Nuts and Bolts of Fascia and Movement

Passion I’ve been doing bodywork for 23 years now.  It sounds like a long time, but it always feels like there is so much more to learn.   Just as I peel away the layers on soft tissue issues, I feel closer to the awe that is the human body.  To me, it is like getting a fireworks show every time I think about its amazing power and resilience.

Currently, the two things that inspire me most are fascia and movement.  And though both have been around since I started my journey, there is a thrilling amount of new information and study coming from each of these fields.  My mentors are everything to me.  I wouldn’t be where I am today without them.  So in order to further explore my ideas about the resolution of hip pain, I think it is important to look at the sources I have found to be of benefit.

Fascia        deep_tissue_1Despite the fact that fascia was first described over 100 years ago by, the founder of osteopathic medicine, Andrew Taylor Still, MD, the first international fascial conference was held only five years ago in 2007.  With the advances in research methods and technology, most of what Dr. Still hypothesized about fascia, is now being proven.

What is fascia?    Fascia is a very densely woven covering that interpenetrates our organs, muscles, bones, nerves, and blood vessels. Of great significance, it is actually one continuous structural support that exists from head to toe without interruption.  So truly an ankle sprain that doesn’t completely heal, can lead to headaches in your future if the fascia gets tight enough.  Medicine prefers to look at the body in its parts, not in its connectedness.  This is why as a bodyworker; fascia explains a lot of the clients that have fallen through the cracks in our healthcare system.

It took me until 2010 to have my own break out moment about the power of fascia.  It was during a yoga workshop that I was introduced to the work of Tom Myers, the man behind Anatomy Trains.  Leslie Kaminoff, of the Breathing Project, showed us a video dissection of the ‘deep front line’.  And yes, just like in the movie Jerry Maguire, Tom Myers work had me at “hello.”  It just tied together a lot of those loose ends. albinus-front-view-4th-order-150x150

Movement  Let’s move on to the new concepts in movement.   Every time I turn around there is a new functional movement guru.   Currently I am drawn to the work by Gray Cook and Kelly Starrett.  My thought on why functional movement is sticking now vs. previously is because we are using these tools with our professional sport teams and getting results.  They are showing that by doing a functional screening on these well paid athletes that they can predict their probability of injury. It’s funny how managers seem to prefer to pay for athletes that can stay in the game at their top performance vs. on the sideline.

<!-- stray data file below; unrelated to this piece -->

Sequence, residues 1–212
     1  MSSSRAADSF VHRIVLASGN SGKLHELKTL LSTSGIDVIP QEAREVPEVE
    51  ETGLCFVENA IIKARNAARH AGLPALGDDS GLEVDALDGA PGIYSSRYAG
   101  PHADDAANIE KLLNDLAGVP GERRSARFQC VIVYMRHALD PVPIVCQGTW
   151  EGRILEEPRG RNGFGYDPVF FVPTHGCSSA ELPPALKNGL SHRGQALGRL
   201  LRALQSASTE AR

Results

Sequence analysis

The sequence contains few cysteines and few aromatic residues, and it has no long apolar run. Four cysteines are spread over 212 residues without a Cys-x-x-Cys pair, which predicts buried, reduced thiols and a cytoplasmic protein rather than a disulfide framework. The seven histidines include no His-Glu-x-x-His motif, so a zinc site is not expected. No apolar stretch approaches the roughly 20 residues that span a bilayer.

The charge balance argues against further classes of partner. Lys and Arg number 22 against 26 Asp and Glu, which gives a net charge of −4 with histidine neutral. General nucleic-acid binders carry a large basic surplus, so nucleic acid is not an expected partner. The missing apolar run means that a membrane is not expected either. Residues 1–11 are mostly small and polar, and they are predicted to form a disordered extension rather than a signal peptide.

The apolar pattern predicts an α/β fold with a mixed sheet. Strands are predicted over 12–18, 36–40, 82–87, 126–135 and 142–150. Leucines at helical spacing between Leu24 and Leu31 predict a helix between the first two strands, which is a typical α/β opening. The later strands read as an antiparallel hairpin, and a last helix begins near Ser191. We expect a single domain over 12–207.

Fascia and Movement relating to hip pain     When I do an assessment on my clients with hip pain, I usually find a combination of both fascial and movement dysfunctions. The key for me is to address them in the proper order.  If you don’t have the movement due to fascial tightness, I work to get rid of the restrictions before retraining their movement.  If I find an unstable joint, I get it supported with tape or bracing and start strengthening at whatever level they can manage without pain.  Even if I find fascial restrictions around this instability, I must be careful as taking any more stability away from an area may hinder my client more.

Hip pain Alignment check     Here I find that the pelvis, sacrum and low back may be impacting the hip.  Now I have to decide if the change is due to a one time trauma that has altered the position, or that a constant postural tension with fascial restrictions has led us to where we are today.  Or the truly challenging and most common is a combination of both.

balancing-skeleton-150x150Hip pain Movement Patterns     The second biggest finding I have with hip pain is muscular imbalances in the hip, abdominal and pelvic floor muscles.   My job is to figure out if the tissue is short and fascially restricted, or overactive and just on all the time and needs to be relieved of its overactive duties, or truly just weak.

“Maybe we are all cabinets of wonders.” ~ Brian Selznick

 That’s it in a nutshell.  I sense more details on hip rehab next time.

 

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